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Kootenai River Fishing Report – Aug 2nd-Aug 7th, 2018 – GoFlyfishMontana.com

Posted on Aug 02, 2018 by Dave Blackburn

Kootenai River Flow: 9,000 Cubic Feet per second, 9 foot visibility, 60 degrees

Yaak River Flow: Minimum Flow (Walk/Wade only)

Fisher River Flow: Minimum Flow (Walk/Wade only)

Hatches: Caddis, PMD’s, Hoppers, Black Flying Ants, Little Olive Stones, Midges, BWO, And Large Carpenter Ants, Yellow Jacket

Effective Patterns

Dry: Elk Hair Caddis #14-18, Parachute Adams #14-20, Purple Haze #16-20, Sparkle Dun #14-18, PMD Thorax #14-16, Rusty Spinner #16-18, Tan Stimulator #8 and 10, Griffiths Gnat, small Golden and Olive Stones, Standard Adams, Red Quill, Sunken Black Ants, Grasshoppers, Chubbies. 

Nymph and Streamers: Da Bomb, Beadhead Prince, Pheasant Tail, Stones and Midge Pupa. Black/Olive Conehead Wooly Buggers, Kokanee Killers, Thin Mint Buggers, Stone Bomb

Fishing Report: The beginning of August signals the best of hopper fishing for the Kootenai. With the long hot days that the deep summer brings, bug activity is relegated to mornings and evenings because of triple digit heat when the sun is high. This being said, soft hackle droppers and nymphs work best under the water during the day. Large fish brought in on dries in the morning and evening, one of the prime months of the year to fish the Kootenai!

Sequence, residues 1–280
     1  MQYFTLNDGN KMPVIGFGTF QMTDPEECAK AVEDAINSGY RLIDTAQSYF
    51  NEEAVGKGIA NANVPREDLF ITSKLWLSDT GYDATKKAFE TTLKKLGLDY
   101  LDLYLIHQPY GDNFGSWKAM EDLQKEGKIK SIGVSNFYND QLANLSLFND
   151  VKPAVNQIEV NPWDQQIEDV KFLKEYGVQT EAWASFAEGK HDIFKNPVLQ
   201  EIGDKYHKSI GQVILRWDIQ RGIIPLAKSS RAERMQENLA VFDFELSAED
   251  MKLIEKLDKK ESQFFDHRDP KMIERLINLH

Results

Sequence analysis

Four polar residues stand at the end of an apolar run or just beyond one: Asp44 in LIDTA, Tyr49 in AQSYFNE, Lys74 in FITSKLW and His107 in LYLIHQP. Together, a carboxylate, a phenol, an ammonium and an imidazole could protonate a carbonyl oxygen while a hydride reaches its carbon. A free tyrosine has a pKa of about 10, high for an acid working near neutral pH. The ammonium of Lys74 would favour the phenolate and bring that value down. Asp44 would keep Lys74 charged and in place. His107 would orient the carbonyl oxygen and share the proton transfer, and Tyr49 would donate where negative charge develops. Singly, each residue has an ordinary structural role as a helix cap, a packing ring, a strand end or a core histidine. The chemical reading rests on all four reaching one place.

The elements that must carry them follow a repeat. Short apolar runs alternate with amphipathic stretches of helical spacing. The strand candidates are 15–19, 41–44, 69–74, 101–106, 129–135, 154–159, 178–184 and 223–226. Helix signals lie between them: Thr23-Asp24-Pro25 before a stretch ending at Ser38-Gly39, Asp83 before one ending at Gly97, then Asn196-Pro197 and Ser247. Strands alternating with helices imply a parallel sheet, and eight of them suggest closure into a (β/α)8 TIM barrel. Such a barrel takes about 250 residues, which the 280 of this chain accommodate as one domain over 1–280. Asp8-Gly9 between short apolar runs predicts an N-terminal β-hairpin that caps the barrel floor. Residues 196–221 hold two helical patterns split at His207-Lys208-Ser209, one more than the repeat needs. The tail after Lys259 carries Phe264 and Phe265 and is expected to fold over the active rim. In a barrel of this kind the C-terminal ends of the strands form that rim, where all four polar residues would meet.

About dave

Dave Blackburn started tying flies and fly fishing at the age of 10 and has been fishing and guiding the Kootenai River in Montana for more than 25 years. He graduated from West Virginia University with a BS in Forest Resource Management with an emphasis on water quality and aquatic ecology. He traveled westward and ended up in Montana on the banks of the Kootenai in 1981 where he now resides with his wife, Tammy. He is on the board of directors of the Kootenai Valley Trout Club. He has been a past director of the the Fishing Outfitters Association of Montana and the Montana Council of Trout Unlimited. Dave chaired the Upper Kootenai River Preservation Society, which was instrumental in defeating the Jennings Rapids Dam project. Dave is a FFF-certified casting instructor and a contract tyer for Umpqua Feather Merchants. He teaches fly tying and fly fishing at Flathead Community College. His photos and articles have appeared in Flyfisherman, Fly Rod and Reel, and The Flyfisher magazines.